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Thread: GNOME 3.2 Has A New File Manager Available

  1. #21

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    Nautilus uses breadcrumbs, you can use that to jump to the parent directory or any other directory in the path. A 'dedicated' parent directory button would be redundant.

  2. #22
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    Quote Originally Posted by AnonymousCoward View Post
    Nautilus uses breadcrumbs, you can use that to jump to the parent directory or any other directory in the path. A 'dedicated' parent directory button would be redundant.
    You make that sound like it's a problem. Providing several paths to the same end result should be considered a feature. It allows people to use the action that best suits their usage patterns.

  3. #23
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    Default Gnome Commander?

    Why did they not join forces with Gnome Commander instead? Now there are two identical programs: Emperor and Gnome Commander.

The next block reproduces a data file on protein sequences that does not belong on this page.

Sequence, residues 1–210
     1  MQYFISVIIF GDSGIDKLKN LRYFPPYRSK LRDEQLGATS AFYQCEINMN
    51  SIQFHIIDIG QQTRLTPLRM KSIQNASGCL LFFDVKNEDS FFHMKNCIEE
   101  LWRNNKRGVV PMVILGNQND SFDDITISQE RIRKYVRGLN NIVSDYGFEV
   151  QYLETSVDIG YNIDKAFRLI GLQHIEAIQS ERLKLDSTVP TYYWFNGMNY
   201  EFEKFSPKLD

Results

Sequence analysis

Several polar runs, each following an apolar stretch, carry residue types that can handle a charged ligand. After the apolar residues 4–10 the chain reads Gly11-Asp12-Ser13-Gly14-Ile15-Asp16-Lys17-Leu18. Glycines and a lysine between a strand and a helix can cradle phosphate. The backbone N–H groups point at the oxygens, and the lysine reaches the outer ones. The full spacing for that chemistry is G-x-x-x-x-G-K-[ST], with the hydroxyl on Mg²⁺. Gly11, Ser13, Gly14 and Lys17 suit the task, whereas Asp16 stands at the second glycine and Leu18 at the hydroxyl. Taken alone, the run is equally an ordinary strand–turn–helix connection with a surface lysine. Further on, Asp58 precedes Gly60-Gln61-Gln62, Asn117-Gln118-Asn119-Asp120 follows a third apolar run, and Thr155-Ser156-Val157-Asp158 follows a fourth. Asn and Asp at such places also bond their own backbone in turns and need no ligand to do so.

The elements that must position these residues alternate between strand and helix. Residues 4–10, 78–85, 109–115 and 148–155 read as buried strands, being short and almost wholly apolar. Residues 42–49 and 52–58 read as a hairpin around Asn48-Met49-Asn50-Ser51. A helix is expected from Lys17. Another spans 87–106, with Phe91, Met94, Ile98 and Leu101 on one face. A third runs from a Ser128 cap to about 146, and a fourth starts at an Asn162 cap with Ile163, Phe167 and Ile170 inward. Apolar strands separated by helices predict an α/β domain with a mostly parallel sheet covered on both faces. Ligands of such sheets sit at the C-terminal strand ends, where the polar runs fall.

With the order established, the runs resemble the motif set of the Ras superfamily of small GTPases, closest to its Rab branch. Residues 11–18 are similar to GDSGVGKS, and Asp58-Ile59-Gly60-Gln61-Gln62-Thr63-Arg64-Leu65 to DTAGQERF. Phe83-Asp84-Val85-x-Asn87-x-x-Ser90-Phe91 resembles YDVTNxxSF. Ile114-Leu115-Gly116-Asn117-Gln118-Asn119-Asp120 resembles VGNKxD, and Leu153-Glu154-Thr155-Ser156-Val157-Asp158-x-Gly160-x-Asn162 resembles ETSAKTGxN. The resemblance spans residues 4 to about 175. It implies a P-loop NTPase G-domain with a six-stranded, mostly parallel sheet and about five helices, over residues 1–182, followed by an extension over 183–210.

4. #24
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    Quote Originally Posted by kebabbert View Post
    Why did they not join forces with Gnome Commander instead? Now there are two identical programs: Emperor and Gnome Commander.
    It's the awesomeness of CHOICE and free software. The power and right to fork every program out there, instead of working together. Then you stop development after a couple of months or so, since nobody has time do put all their time into it singlehandedly.

  5. #25
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    Quote Originally Posted by locovaca View Post
    You make that sound like it's a problem. Providing several paths to the same end result should be considered a feature. It allows people to use the action that best suits their usage patterns.
    There are several reasons for why a single way of doing something is considered better: 1. less code maintenance, 2. interface is easier to learn, 3. more pure metaphors can be used (by choosing a single way to do things a desktop can be designed with limited scope but still be able to do most things easily).
    ...
    Sorry, I've got to go.

  6. #26
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    Quote Originally Posted by liam View Post
    There are several reasons for why a single way of doing something is considered better: 1. less code maintenance, 2. interface is easier to learn, 3. more pure metaphors can be used (by choosing a single way to do things a desktop can be designed with limited scope but still be able to do most things easily).
    ...
    Sorry, I've got to go.